Its early history, like that of other old breeds, is mostly unknown. While the current Light Brahmas’ origins may have originated in India or China, the breed as we know it today was established in the United States.
Brahma is available in three colour variations: light, dark, and buff.
The American Standard of Perfection approved the Light and Dark Brahma in their original printings in 1874, and the Buff over 30 years later.
Light Brahmas are peaceful and polite hens that get along with other hens and humans.
Brahmas are one of the biggest breeds, averaging 10 pounds in weight. They’re also excellent layers, with one hen producing about 180-240 brown eggs every year.
They’re also great winter layers, laying the majority of their eggs from October to May.
The Minorca chicken gets its name from the island of Minorca, off the coast of Spain, where it was previously abundant.
The breeding began during the British rule of the island, which lasted from 1708 until 1783, though the breed is most likely to have started in Menorca and perpetuated in Britain.
Minorca arrived in the United States in 1884 and was accepted into the APA in 1888.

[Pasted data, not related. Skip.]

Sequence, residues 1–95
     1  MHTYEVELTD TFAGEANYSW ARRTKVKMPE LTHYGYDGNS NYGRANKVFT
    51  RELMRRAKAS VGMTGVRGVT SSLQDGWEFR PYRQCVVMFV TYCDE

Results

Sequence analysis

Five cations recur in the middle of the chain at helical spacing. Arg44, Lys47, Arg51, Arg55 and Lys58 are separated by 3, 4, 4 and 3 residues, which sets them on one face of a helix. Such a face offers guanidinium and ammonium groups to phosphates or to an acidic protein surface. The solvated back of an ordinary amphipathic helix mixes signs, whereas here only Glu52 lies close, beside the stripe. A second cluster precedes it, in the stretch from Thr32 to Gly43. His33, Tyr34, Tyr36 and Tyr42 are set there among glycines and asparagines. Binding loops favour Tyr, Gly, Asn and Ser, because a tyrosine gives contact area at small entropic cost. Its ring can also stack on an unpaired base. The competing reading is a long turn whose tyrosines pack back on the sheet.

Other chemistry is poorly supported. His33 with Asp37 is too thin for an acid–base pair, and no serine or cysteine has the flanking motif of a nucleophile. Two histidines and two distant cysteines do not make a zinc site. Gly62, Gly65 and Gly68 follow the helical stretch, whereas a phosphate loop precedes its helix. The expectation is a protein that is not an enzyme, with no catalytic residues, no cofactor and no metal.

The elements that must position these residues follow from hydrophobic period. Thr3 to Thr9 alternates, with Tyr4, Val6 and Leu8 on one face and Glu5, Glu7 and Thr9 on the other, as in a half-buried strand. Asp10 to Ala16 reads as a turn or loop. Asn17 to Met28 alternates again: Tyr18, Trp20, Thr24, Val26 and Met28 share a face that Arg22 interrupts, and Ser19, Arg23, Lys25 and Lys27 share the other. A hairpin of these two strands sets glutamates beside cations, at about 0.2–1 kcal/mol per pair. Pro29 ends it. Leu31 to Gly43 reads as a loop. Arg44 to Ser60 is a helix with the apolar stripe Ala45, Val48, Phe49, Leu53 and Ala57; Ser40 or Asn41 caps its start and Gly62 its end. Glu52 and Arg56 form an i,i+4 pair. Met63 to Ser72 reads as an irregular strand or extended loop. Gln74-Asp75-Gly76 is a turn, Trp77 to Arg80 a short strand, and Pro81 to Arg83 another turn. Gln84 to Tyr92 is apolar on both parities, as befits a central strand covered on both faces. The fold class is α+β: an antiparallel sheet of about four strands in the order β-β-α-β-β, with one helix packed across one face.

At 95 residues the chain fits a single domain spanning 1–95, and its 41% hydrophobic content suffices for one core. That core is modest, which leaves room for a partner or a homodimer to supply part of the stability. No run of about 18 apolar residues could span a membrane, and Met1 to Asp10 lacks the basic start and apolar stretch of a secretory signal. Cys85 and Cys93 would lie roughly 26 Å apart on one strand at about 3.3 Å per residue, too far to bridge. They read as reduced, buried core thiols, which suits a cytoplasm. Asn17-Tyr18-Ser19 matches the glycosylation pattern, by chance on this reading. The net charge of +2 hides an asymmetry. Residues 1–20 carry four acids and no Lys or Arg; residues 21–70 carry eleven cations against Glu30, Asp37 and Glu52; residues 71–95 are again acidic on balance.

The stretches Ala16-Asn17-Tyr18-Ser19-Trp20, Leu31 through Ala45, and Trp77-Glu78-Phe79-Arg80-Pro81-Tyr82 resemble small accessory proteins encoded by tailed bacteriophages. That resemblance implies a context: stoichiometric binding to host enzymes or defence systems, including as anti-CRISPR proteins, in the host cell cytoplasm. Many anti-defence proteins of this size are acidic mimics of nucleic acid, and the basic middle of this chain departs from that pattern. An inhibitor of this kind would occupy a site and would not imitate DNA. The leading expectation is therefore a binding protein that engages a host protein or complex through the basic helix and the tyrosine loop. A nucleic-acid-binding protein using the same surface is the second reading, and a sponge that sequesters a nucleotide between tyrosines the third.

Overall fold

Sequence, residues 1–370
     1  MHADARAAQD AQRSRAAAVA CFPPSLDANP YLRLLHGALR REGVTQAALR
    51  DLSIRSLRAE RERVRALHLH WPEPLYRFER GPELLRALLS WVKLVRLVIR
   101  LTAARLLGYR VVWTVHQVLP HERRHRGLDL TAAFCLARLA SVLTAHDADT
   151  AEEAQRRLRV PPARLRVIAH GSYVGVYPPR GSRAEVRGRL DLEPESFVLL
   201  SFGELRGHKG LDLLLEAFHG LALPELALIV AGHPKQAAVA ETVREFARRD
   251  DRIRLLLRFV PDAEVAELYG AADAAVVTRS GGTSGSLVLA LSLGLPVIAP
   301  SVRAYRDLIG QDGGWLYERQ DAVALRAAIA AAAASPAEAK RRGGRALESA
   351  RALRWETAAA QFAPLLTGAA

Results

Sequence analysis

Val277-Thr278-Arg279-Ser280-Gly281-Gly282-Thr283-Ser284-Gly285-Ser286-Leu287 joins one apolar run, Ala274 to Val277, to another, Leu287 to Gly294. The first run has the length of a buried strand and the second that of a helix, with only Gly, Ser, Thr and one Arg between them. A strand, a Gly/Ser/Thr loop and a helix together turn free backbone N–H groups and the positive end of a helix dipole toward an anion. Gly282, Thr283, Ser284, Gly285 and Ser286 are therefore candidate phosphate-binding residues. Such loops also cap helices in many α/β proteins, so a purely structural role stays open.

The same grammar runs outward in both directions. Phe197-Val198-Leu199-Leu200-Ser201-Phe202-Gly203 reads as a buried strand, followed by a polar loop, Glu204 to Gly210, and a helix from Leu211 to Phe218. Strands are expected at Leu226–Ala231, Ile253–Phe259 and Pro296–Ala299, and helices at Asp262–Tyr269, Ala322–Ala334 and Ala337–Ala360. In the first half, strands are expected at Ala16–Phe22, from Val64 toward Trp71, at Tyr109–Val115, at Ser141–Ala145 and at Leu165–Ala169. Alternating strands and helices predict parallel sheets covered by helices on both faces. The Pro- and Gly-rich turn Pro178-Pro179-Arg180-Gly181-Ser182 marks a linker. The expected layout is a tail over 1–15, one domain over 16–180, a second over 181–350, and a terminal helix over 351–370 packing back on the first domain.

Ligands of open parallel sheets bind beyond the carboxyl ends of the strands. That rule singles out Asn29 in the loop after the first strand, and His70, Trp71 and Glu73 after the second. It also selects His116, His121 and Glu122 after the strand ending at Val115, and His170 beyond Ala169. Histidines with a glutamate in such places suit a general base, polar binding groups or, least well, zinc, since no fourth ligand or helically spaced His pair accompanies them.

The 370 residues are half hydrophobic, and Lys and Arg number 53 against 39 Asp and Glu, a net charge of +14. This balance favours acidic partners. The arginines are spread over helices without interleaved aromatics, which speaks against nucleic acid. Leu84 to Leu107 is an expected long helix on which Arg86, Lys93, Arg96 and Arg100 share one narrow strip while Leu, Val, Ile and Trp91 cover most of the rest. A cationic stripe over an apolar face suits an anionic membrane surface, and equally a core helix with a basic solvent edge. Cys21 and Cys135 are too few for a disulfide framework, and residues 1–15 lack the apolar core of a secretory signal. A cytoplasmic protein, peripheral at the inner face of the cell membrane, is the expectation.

This breed has a calm and pleasant demeanour and thrives on human interaction.
Minorca will thrive in restricted spaces as well. However, since backyard chickens may be flighty, caution should be used while setting up fence limits.
Minorca has a high number of white-shelled eggs that are laid all year. They lay approximately 200-240 eggs each year in general, but lay a little better in warmer regions.
The Naked Neck breed originated in Transylvania, but Germany was the place where it was refined.
The absence of feathering on the neck is due to a dominant gene that allows for half of the feathers seen in other chickens, making it more resistant to heat and simpler to pluck.
The American Poultry Association recognised Naked Neck into the Standard of Perfection in 1965.
They are outstanding egg layers, laying 120-180 medium-sized light brown eggs each year on average.
The Naked Neck is a peaceful, tranquil, and easy-to-tame creature that is illness resistant and very powerful. As a result, this breed may be an excellent alternative for small farmers, particularly those in hotter areas.
The Recent Hampshire chicken, named after its home state of New Hampshire in the United States, is a relatively new breed, having been accepted to the American Poultry Association’s Standard of Perfection in 1935.
They are a specialist breed of the Rhode Island Red. Certain breeds were chosen for their vigour and hardiness, as well as early feathering, quick development, maturity, huge egg size, and excellent meat conformation.
Although the New Hampshire’s overall attitude is pleasant, docile, and simple to manage for humans, it is also competitive and aggressive when it comes to gaining food, making it unsuitable for a mixed breed flock.